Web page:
One of the useful methods I use in closing the fistula is to use two lateral Langenbeck type relaxing incisions on both sides of the defect to create a tension free repair;the technique is relatively simple to learn and is used successfully for closure of  this type of fistula.

Sample pic: using the lateral release incisions for fistula closure





Sunday, October 14, 2012

Asiatic Aesthetic Series 163:soft tissue distraction palatoplasty

Older cleft palate patients tend to bleed more during surgery and  also experience more pain post op .
I usually perform adult palatoplasty in two stages for the complete cleft palate .
In stage one, I close the soft palate and also make a button hole over the hard palate rugae to insert a fine dissector and release the mucoperiosteum.This allows soft tissue distraction over time and decreases the hard palate defect considerably.
Rapid distraction of the hard palate has been tried in some European centres using  osmotic expanders (*1) but the technique remains controversial and is not popular anywhere else in the world.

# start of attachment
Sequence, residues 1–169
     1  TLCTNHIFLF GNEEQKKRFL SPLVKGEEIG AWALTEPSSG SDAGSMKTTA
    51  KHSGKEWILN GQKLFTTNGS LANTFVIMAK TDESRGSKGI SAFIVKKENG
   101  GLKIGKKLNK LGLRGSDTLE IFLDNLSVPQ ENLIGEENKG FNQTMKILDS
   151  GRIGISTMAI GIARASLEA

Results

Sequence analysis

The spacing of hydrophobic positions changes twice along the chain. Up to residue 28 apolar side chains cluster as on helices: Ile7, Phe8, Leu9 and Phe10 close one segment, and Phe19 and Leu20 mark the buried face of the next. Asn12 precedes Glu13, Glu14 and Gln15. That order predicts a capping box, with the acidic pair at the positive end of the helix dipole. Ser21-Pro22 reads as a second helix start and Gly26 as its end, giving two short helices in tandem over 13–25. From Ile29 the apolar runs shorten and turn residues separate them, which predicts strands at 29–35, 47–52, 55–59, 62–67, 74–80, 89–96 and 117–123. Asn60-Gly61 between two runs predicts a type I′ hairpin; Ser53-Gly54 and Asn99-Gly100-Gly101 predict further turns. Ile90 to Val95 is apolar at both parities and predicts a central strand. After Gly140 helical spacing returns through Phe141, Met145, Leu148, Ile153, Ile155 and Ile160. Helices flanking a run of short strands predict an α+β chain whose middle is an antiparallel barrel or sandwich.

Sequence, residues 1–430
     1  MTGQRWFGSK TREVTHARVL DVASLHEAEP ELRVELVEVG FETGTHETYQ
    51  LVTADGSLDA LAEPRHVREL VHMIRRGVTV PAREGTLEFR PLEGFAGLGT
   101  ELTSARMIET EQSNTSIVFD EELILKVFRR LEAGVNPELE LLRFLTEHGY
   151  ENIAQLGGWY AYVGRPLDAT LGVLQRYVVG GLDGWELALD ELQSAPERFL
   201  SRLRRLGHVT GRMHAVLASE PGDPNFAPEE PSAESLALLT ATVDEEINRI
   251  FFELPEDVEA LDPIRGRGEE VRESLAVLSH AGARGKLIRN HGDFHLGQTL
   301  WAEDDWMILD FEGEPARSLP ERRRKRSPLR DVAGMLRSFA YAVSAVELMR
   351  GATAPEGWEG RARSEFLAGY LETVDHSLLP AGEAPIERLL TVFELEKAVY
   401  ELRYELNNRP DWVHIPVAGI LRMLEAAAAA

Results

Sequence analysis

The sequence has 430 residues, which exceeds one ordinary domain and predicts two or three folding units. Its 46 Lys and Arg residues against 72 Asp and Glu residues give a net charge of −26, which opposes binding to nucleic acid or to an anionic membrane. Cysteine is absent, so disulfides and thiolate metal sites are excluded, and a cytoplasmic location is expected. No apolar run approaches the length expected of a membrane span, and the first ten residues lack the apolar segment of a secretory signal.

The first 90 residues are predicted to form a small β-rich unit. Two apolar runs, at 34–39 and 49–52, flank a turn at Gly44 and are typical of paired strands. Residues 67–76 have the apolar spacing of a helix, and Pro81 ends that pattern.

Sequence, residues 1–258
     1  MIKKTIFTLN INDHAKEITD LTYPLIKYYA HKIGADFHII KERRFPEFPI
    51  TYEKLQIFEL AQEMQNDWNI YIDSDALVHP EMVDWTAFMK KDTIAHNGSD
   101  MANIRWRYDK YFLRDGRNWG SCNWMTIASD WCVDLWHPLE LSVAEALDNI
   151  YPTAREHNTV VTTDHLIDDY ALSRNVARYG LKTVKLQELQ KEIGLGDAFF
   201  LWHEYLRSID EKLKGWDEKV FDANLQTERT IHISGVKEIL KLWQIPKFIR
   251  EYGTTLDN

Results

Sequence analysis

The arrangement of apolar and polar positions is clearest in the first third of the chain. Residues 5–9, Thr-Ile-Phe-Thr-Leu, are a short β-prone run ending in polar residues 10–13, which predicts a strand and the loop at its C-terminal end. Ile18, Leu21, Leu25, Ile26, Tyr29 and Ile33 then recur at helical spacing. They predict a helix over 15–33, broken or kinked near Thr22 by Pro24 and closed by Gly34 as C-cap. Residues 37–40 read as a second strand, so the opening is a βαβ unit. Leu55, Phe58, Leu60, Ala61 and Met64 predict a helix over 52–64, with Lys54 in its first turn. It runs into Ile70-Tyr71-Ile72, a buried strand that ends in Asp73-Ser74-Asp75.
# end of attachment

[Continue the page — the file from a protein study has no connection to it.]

The second stage hard palate repair can then be closed after six months using a hemi palatal flap.


sample pic: stage one soft palate closure with  unilateral button hole palate release over the hard palate.


Reading: *1 Cleft palate repair with the use of osmotc expanders- KF Kobus, Poland JPARS 60,414-421 Year 2007


Monday, October 8, 2012

Asiatic Aesthetic Series 164:Button hole palatoplasty concepts

In a complete cleft of the soft palate I use a button hole to fracture the hamulus and medialize the levators which are then retro positioned by detaching them from their abnormal insertions.
Very often ,in a cleft of the soft palate, the upper third extends into the hard palate and as a result I make a lateral button hole midway ,close to the hard palate rugae and lift the entire mucoperiosteal flap thereby making tension free closure possible. I have found this innovation to be useful in these select cases.
sample pics: